Mi'kmaw artist Sarah Hannon beaded together Indigenous History and Pride for this month's logo

Beading connected Hannon with their Mi'kmaw culture and "Indigenous people all over the world."

Beading connected Hannon with their Mi'kmaw culture and 'Indigenous people all over the world'

Beadwork by artist Sarah Hannon. (Sarah Hannon)

Every month, we feature a new take on the CBC Arts logo created by a Canadian artist. Check out the previous designs.

June is National Indigenous History Month in Canada, and it's also time for Pride. Those two themes are woven into this vibrant beaded design by Sarah Hannon, a two-spirit Mi'kmaw artist whose handmade jewelry mixes Indigenous tradition with contemporary style. A PhD student at the University of Toronto, Hannon says that beading began as a pastime, a way of connecting with their Mi'kmaw culture. Read more about their story (and this stunning piece) below.

This design deserves a closer look. Detail of Sarah Hannon's CBC gem. (Sarah Hannon)

Name: Sarah Hannon

Age: 31

Homebase: St. John's (Ktaqmkuk)

Let's talk about your design! What inspired the concept?

I wanted to create something that included all LGBTQIA+ people, while centering trans and two-spirit BIPOC.

The centrepiece is a large floral in the colours of the trans flag against a black background. The four corners are the four quarters of the medicine wheel decorated with Mi'kmaw scrollwork florals. The sun, moon and sky above and below represent the circular pattern of time. The rainbow speaks for itself!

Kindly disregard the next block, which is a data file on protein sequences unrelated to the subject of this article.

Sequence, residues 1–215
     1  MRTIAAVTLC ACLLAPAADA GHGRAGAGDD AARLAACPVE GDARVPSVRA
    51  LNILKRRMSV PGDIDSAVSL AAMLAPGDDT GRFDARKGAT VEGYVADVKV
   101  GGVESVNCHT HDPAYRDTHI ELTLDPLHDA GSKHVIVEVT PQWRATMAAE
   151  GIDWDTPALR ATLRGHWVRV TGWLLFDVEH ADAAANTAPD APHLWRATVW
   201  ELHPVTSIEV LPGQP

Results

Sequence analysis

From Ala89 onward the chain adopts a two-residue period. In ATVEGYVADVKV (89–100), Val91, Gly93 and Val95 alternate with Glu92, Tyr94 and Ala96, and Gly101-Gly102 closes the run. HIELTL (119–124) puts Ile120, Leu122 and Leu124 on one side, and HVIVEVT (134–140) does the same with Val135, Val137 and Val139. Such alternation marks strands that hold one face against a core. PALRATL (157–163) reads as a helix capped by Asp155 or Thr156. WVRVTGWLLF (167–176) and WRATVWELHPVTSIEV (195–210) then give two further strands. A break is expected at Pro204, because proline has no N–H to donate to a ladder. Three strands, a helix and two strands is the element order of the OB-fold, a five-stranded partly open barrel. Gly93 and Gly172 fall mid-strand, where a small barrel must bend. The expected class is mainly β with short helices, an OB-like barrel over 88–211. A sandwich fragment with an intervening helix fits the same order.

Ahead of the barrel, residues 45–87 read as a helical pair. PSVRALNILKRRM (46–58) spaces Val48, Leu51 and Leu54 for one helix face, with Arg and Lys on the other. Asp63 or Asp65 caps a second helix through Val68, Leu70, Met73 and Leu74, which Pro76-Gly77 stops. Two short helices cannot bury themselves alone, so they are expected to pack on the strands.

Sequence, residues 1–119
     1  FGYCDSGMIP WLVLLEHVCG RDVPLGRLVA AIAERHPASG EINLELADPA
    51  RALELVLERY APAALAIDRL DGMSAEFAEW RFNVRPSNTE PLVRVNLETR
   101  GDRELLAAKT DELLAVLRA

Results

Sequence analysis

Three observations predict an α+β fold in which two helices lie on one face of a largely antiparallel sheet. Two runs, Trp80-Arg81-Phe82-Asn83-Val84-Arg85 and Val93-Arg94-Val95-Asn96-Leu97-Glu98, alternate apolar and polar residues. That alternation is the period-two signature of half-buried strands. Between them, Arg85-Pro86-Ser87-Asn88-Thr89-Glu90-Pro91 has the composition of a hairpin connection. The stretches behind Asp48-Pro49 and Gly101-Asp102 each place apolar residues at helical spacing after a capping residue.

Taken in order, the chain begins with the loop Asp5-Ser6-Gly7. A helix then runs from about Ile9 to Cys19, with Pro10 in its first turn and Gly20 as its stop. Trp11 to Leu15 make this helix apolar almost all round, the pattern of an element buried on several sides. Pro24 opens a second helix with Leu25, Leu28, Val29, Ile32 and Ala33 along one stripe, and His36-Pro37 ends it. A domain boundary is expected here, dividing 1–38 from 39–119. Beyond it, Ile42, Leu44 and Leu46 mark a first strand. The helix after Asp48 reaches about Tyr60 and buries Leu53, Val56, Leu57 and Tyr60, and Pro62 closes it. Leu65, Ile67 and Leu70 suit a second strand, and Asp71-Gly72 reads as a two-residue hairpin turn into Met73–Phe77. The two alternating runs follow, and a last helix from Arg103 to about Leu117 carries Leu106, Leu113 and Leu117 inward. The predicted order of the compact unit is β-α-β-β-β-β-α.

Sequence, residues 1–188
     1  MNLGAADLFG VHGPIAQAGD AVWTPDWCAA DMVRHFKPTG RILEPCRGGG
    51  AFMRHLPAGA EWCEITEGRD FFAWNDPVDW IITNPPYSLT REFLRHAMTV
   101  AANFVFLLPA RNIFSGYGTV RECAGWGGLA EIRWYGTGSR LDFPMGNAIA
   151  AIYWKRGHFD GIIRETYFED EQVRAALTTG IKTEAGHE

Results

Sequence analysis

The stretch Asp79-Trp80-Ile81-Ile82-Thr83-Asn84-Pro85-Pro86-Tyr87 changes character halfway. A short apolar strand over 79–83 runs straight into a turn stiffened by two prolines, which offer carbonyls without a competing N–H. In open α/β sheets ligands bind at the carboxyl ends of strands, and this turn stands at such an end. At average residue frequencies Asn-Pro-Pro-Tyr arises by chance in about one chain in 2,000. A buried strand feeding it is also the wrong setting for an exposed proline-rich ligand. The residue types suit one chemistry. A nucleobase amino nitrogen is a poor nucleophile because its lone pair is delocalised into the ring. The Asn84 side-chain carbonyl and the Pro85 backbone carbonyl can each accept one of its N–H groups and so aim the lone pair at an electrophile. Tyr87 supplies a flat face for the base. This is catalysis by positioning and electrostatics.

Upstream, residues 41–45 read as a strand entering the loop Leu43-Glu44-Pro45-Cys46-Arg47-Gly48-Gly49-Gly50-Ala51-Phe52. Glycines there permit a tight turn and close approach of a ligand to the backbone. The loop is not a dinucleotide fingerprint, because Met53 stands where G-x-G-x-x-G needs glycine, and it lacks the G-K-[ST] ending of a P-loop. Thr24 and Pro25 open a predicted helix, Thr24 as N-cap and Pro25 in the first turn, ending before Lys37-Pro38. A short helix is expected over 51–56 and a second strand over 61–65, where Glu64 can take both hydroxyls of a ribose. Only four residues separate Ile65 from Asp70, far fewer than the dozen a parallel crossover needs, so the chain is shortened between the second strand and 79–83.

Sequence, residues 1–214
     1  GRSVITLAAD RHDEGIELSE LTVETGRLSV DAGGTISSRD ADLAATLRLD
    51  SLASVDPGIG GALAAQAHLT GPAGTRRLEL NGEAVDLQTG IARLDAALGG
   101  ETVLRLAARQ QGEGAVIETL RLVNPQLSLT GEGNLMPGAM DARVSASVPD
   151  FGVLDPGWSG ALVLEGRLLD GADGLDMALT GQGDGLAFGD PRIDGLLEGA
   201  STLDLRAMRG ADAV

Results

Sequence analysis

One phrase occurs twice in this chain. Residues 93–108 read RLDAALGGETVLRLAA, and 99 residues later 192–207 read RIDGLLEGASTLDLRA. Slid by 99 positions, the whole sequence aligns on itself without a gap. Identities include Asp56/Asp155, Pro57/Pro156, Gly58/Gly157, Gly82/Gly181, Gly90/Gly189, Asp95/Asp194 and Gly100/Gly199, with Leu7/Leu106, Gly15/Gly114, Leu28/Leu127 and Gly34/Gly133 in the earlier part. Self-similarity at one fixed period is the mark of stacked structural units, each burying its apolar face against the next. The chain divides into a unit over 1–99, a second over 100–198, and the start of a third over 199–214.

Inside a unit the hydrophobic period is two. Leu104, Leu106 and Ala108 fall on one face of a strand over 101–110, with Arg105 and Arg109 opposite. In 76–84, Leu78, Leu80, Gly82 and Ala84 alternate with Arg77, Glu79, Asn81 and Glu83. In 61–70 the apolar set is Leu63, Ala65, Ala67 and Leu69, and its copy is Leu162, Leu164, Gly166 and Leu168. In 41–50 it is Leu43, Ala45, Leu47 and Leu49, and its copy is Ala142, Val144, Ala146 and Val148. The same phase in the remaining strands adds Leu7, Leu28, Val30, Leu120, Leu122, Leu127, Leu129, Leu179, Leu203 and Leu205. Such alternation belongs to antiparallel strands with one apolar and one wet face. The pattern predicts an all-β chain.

How long have you been beading? What drew you to the practice?

About three years now. I felt a bit helpless and alienated from my culture, and unsure of my own validity as Mi'kmaw. I wanted to detach myself from harmful colonial institutional assessments like "status" and "non-status" and gain control over my own identity. It was one of the smartest choices I've ever made. It's put me in connection with Indigenous people all over the world.

What's the project you're most proud of?

This one is definitely high up on the list, but I generally feel pretty good about my large floral pieces and birch bark work. I also recently completed my first piece of traditional scrollwork, which I really cherish.

What's your favourite place to see art?

Powwows, Instagram and hanging from my friends' ears!

Beaded earrings by Sarah Hannon. (Sarah Hannon)

Who's the last artist you discovered online?

I follow so many new people every day it would be hard to say. But some of my favourite artists on Instagram are @onlychildhandicrafts, @artnerdforever, @kquintelx, and @strikingstick. Rowan White (@rowanberryjewelry) has also recently launched their online shop, which is exciting.

What work of art do you wish you owned?

Impossible to choose! A bag or a jacket by Jamie Okuma, a necklace by Adam Garnet Jones, a drum by Chief Ladybird, a wood painting by Steph Littlebird, a pair of moccasins by John Murie, earrings by Kianga Lucas, a hoop by @beadsagainstfascism, a painting by Shaun Hedican. The list goes on.

Where can we see more from you?

Check out all my work on Instagram (@fat.bird.weaving).

One last look at this gorgeous beadwork by Sarah Hannon ... (Sarah Hannon)

This conversation has been edited and condensed.

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